A healthy work-life balance can prevent college student burnout


Jazlyn Dieguez in the newsroom at San Diego State University, where she spent some of her non-studying college time.

Credit: Jazlyn Dieguez / EdSource

I am a workaholic, and naturally, I made this realization at 4 on a Sunday morning.

I had been working on a 15-page research paper on artificial intelligence in hopes of making more progress before the approaching deadline. But instead of working in study-friendly silence, I was engulfed by the sound of Pitbull’s “Time of Our Lives” blaring from my neighbor’s backyard.

Amid the sound of friends laughing and singing together, I paused to reflect on how I felt.

My eyes were groggy and sore, my mouth was dry, and my body had fused to the living room couch. Not only did I feel physically sick, I also had a lingering sense of stress and anxiety that inhibited me from taking a break from my classwork.

This lingering feeling robbed my life of joy. It pressured me to say “no” to spending time with friends and loved ones out of fear of falling behind in school and extracurriculars. 

And I know I am not alone in these sentiments.

According to a Gallup survey of more than 2,400 college students at four-year U.S. institutions, 66% reported experiencing stress and 51% reported feeling worried in the spring 2023 semester. 

It’s difficult to witness many of my peers struggle to cope with these emotions. I have also experienced this struggle by pouring too much of my time and energy into school-related activities: joining new clubs, taking on editorial roles, starting ambitious group projects, and more.

While achieving these milestones brought temporary satisfaction, the pressure to overachieve intensified my anxiety, ultimately leading to mental exhaustion throughout the year. It was a clear case of burnout, a state of feeling fatigued and overwhelmed by ongoing pressure at work. 

In a study examining psychological distress and burnout among first-year college students, reports found that 27% of students who reported psychological distress in their first semester were at increased risk of depression, depersonalization and higher levels of burnout.

As a first-generation college student, there’s something I wish I knew before starting college: how to find a work-life balance. It’s taken my whole college experience to realize that I am at fault for applying so much pressure on myself to achieve more. But, recognizing this was the first step toward making a positive change.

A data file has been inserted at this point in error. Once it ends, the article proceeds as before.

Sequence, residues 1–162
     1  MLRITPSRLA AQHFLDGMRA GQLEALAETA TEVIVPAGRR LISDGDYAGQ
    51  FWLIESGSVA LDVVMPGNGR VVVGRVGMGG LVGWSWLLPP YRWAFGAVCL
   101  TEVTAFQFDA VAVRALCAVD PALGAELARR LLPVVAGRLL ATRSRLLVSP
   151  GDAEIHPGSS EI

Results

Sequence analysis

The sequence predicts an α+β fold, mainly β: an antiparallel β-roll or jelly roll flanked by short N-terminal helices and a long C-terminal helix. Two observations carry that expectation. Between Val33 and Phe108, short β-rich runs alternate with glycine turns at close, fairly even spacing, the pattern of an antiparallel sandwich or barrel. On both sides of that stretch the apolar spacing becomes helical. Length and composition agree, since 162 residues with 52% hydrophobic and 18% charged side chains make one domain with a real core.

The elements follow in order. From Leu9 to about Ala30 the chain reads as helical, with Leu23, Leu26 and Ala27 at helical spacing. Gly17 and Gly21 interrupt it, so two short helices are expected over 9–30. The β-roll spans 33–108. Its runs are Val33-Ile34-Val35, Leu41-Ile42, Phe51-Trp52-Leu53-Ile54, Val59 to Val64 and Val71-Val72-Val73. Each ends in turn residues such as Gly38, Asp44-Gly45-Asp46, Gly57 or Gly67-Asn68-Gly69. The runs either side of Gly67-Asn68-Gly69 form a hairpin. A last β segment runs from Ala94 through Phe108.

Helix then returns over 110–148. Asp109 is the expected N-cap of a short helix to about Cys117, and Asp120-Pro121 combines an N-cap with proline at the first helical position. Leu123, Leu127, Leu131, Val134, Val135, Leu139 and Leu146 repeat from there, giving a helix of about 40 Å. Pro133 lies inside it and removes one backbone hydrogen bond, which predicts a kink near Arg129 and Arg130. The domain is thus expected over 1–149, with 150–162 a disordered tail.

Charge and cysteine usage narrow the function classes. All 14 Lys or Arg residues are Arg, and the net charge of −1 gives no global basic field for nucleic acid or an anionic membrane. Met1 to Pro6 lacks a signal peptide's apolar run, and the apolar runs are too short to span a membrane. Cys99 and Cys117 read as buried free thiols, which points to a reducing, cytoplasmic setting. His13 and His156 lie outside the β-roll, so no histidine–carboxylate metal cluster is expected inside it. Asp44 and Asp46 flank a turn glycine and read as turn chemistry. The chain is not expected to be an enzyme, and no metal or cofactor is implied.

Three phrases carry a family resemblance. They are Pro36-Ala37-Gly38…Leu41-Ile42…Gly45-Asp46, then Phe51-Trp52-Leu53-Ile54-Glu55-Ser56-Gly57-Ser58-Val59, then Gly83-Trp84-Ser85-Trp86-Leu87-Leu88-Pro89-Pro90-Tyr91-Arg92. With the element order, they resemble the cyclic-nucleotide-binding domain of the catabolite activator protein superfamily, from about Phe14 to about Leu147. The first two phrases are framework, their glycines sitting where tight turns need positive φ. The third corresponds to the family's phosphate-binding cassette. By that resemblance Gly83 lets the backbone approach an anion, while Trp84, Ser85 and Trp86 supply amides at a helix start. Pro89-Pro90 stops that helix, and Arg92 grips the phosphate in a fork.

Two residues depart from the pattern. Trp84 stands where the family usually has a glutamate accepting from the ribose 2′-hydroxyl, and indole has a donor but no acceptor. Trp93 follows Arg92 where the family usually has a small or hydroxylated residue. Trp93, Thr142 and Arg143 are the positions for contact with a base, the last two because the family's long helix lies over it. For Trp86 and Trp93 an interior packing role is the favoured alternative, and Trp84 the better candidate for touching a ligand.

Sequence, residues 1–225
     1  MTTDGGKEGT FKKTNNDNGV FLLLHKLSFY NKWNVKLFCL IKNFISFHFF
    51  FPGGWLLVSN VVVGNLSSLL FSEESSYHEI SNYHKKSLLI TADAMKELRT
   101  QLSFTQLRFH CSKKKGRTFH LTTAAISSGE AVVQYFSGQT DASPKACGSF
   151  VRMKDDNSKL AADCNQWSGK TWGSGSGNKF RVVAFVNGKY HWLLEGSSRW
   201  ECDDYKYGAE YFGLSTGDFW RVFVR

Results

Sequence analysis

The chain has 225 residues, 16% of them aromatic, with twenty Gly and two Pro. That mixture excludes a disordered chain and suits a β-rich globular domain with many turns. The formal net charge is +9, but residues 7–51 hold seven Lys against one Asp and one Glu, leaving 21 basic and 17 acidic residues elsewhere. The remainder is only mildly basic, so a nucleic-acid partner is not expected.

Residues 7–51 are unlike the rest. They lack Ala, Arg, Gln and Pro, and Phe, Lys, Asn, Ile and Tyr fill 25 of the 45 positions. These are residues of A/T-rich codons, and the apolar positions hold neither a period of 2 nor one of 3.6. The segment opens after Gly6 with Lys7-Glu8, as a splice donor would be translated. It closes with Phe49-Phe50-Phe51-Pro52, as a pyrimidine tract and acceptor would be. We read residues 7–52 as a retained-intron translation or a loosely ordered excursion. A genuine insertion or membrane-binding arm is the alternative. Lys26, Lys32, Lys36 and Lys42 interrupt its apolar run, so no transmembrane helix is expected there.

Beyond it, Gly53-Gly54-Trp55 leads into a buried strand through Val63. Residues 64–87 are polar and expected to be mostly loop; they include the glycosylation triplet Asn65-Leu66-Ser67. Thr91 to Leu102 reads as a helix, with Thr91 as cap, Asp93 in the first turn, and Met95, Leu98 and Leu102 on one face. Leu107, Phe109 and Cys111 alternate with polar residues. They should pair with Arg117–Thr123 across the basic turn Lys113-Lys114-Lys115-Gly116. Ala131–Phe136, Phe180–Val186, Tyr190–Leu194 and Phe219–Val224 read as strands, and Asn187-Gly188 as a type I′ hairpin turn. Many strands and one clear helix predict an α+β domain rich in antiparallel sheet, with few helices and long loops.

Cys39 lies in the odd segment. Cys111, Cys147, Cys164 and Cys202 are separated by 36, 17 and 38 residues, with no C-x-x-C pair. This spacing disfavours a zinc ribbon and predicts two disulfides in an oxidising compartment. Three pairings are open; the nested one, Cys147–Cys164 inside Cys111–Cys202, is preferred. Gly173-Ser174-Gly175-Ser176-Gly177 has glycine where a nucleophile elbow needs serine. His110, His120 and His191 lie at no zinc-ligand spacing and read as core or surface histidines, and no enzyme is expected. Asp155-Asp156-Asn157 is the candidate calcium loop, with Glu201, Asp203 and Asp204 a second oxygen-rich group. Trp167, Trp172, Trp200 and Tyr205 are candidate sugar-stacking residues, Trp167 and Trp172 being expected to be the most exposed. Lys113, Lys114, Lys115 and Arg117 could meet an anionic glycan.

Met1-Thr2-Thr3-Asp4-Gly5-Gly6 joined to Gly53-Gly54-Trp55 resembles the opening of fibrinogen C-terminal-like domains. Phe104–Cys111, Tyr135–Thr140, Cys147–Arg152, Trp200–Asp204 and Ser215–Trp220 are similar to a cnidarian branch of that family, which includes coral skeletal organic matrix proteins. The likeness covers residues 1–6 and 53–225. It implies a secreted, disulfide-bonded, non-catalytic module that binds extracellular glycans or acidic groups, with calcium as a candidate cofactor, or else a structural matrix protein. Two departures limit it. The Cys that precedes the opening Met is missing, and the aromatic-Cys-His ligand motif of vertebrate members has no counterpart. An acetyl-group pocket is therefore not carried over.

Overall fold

Here are some strategies that have helped me improve my work-life balance as a student:

  1. Reduce screen time: Use specific app features to control and monitor screen usage. This approach can help enhance work productivity and physical well-being by reducing eye strain and improving sleep quality. Additionally, scheduling designated times for phone use can minimize aimless time spent online.
  2. Embrace social opportunities: Say “yes” to quality time with friends, or communicate your interest in spending time with others. Swapping study sessions for casual dinners, coffee dates or game nights nurtures emotional and physical well-being through meaningful social interactions. This approach motivated me to attend my first San Diego State University basketball game — although not until my senior year — and enjoy more concerts in San Diego.
  3. Set clear goals: Identify three to five realistic daily goals using a to-do list application or a notepad to track progress. Setting short-term goals can provide focus and motivation, further guiding individuals toward achieving personal and academic milestones.

As I began to wrap up my time at San Diego State, I wanted to make the most of my college experience before I walked across the graduation stage. I refused to be consumed by the stress and anxiety of pending coursework; I wanted to remember college for the memories shared with people I care about, not the late-night study sessions spent alone. 

Implementing these methods helped me remove the pressure I place on myself and gain a stronger sense of control over my responsibilities. Knowing that I can progress toward my goal through these small adjustments brings me relief.

I’m most proud of myself for making this change, as I have been able to experience more in the last few months than in previous years. 

Incoming students embarking on their college careers need significant support to navigate through intensified stressors. But it’s important to remember that a life beyond academics is a life set up for success. It is possible to have the best of both worlds.


Jazlyn Dieguez is a member of EdSource’s California Student Journalism Corps. She graduated in May with a journalism degree from San Diego State.

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